After a cup of Nescafe, we all climbed back on the bus and headed for the promised mountaintop village. One point that was left out was a hike up a steep and rocky road, another was that the rocky road ended at the chairlift we would ride to complete our journey to the top of the mountain. No problem! Maggie decided to put her fear of heights aside and up the mountain we went, trying to not look too closely at the rain clouds rolling in. Arriving at the top of the mountain, we saw (wait for it….) no village! Who saw that one coming? However, there were a few kiosks selling tourist trinkets and rain ponchos (ha ha, but the Americankas wore their raincoats! The only ones in the group prepared for the weather – I revel in this as we were given condescending looks about not bringing food, which we in fact had brought plenty of, and the driver smugly said that the ‘foreigners’ may want to spend more for accommodation, the Ukrainians in our group looked at us, smiling – he got the last laugh though, everybody thought the accommodations were dreadful). There were also ponies that you could sit on and have your picture taken, or ride around a track, and traditional Ukrainian costumes to try on. We passed on those and headed up the slick, grassy slope to the summit. Of course, by this time, it had started to drizzle. The view from the top was excellent, and we looked at it admiringly in all directions and had a group photo taken by a Ukrainian horseman in a woven cowboy hat with ‘Marlboro’ printed on the band. We descended the slope carefully, and headed to the chairlift, unfortunately, we did not get on immediately. Instead, we obliged Andre’s summons to take a picture of him and Olga in traditional Ukrainian costumes. After that, we all headed to the chairlift, the drizzle getting a bit heavier. Maggie wondered aloud if it would be safe to be on the chairlift in the rain, we determined, that it would be fine, as we had both been on chairlifts before while is was snowing. Of course, the rain meant that the seats were already wet when we got on and about 2 minutes later to clouds burst open and we descended in a downpour. The good news is we were wearing our raincoats with hoods, and the lift didn’t stop, break down, or in any other way prolong our drenched state. At the bottom, the rain let up a bit and made our way back down the rocky road to the bus. The five of us stopped for a hot cup of tea, and were found by an irritated guide, and told to hurry up, that the rest of the group was wetly waiting on the bus to go back to the hotel. So away we went. We were pretty much dry by the time we got back, and once more separated ourselves from the group, as they were planning an excursion to the national forest, where we had been the day before. After confirming that shashleek that evening would be at 7:00, we headed to observe deer (behind a fence) with the AOA team. Later, Maggie and I went our own way to the local bazaars to check out the crafts. The bazaars were very touristy and filled with kitschy trinkets, but we found a good café and enjoyed some mulled wine and a light dinner. At 7:00 we headed to appointed place for shashleek. However, the group had just returned from their excursion, and shashleek would be a bit delayed. No problem. But the driver/guide/cook/pia Sergei had a fabulous treat for us, he had arranged for hot water! Not in our hotel, but in another one that had a communal shower room, with a locked door and only one key! Yeah, we thought, this might not be so bad after all. (Aren’t we just the eternal optimists though??) We followed the lady to the shower room, she showed us around, turned on the taps, and said the hot water would be on at 8:00. What we found out later is that they told the group of girls that were staying there that they had lost the key and the girls would have to use the boys shower room downstairs. So at 8:00 we head over for a shower, more accurately a hairwashing, I had already decided that I was just not getting naked and wet in this place. Three guesses on what happened next, I’ll give you a hint, it wasn’t washing of any kind. Not only no hot water – no water at all. The sinks down the hall had hot water, but nothing in the shower room. (Yes, in fact we are now laughing at each ccm, otherwise we would have been crying buckets – you have to admit, it makes a much more interesting story, and its all true!) On the trail of tears back to our cell, we encounter some folks from our group, who tell us to hurry to the shashleek. Whatever. We drop our shower stuff off in the room, and are heading out the door, when we are stopped by the long absent guy that turns on the hot water. We have hot water in our room! Or we will if we let it run for a while, and if we don’t use it now, just let it run, so it will be there when we do want to use it. Yeah! Things are looking up! But now Andre has come to get us for the shashleek – we must claim a place at one of the tables, oh, and bring food, and plates. What the f? We don’t have plates, but we are not missing out on shashleek that we already paid for. Alas, Sergei doesn’t have enough shashleek skewers to go around, and we will be eating in shifts. We are not in the first shift. At this point, I decided that now would be a good time to wash my hair, so back to the cell, once again passing people from our group, who have gone back to get ketchup, blankets, and plates for themselves. The hot water held out, I was able to hold my breath long enough to wash my hair, and we were once again sitting with the rest of ‘Shashleek Group 2’ waiting. Waiting. Waiting. We ate at 10:30, finished our skewers of meat, and promptly got up and turned in for the night.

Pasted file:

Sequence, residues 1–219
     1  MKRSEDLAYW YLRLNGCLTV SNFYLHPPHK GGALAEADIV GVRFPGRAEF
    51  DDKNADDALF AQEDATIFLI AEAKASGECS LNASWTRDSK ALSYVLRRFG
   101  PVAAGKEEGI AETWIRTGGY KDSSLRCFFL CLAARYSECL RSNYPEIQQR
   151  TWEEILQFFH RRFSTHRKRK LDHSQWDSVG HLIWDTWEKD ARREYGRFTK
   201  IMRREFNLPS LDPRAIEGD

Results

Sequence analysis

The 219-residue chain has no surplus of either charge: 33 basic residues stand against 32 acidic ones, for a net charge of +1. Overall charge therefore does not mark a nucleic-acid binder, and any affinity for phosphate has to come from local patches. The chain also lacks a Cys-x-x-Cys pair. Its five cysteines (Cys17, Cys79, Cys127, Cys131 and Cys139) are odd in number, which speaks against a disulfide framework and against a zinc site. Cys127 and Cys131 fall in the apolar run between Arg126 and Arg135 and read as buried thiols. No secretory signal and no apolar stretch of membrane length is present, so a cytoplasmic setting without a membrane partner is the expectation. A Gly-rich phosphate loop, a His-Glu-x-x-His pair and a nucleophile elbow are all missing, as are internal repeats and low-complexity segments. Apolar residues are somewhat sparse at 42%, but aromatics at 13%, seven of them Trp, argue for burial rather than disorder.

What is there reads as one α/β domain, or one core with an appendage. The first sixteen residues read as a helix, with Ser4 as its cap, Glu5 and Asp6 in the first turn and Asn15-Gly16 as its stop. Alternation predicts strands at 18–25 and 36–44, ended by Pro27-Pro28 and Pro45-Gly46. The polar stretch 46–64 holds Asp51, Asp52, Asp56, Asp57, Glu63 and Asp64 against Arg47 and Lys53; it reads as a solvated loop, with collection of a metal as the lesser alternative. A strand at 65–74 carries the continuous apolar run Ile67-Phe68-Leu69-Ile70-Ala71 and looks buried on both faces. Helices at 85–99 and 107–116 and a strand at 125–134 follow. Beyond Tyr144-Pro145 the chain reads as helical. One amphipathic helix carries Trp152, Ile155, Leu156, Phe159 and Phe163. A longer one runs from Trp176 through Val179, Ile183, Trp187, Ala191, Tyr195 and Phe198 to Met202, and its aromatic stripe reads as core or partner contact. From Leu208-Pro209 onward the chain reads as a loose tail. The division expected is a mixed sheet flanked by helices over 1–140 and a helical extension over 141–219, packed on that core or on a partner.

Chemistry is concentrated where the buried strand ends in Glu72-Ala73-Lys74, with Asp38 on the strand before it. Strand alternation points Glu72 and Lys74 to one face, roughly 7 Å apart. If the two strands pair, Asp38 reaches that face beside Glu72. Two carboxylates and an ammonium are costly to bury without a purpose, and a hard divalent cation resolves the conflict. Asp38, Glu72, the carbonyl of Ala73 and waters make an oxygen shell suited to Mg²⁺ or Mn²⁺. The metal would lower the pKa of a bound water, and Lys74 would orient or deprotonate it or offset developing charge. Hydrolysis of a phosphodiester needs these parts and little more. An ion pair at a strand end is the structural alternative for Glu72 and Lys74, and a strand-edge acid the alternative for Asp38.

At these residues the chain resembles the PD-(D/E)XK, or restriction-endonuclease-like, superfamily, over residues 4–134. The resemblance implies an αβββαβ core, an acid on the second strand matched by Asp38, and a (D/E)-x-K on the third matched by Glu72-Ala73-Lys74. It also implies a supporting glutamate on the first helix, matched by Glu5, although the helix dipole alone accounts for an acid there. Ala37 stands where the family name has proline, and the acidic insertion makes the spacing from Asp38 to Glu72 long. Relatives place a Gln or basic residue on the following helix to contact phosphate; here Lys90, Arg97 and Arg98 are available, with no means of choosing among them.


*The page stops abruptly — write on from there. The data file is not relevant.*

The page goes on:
Sunday – I never thought I would be so looking forward to being back in Rivne. But we had one more day of vacation ahead of us. We ate breakfast in our cell, and went in search of the group and the day’s program. We piled on the bus for the ride to see the deer, these would be the same deer we had seen the day before with the AOA team – how is it that we are always one step ahead of this guy?? Wait, change of plan – everybody off the bus, we are going for a hike to the spring, which was promised, incidentally, on the first day and is why many people didn’t bring water with them. Heading up the rocky, mountain path, several in our group were none to pleased with this change of plan, as they had on heels and foam sandals, less than ideal footwear for mountain hiking. Naturally, we lagged behind the group, wondering if we would continue to follow them or not. We did and it was a great hike, past a small shrine on the hillside, and through a picturesque valley, bringing us finally to the river and a well pumping springwater. The hike continued to the deer and back to the hotel grounds, where we all packed our bags and around 12:30 we started back to Rivne.
Sunday was the warmest and sunniest day of the three, so it seemed only fitting that we would spend most of the day on a bus too hot for the air conditioning to work. To top off the trip, on the way back to Rivne, Sergei stopped in a field (actually drove through the woods/forest/whatever) at the mosquitoiest time (about 7:00 pm) for people (not us, we were too MAD) to eat and avail themselves of the facilities. Which meant that we arrived in Rivne at about 9:30, just in time for the water to be turned off (we hadn’t showered for three full days; we needed to bathe). Fortunately, I still had one full bucket of water from Friday morning, so was at least able to have a bucket bath. Needless to say, I was up at 7:00 the next morning heating water for a proper full-submersion bath. That concludes my first Ukrainian all-inclusive tour.
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Story Source: Personal Web Site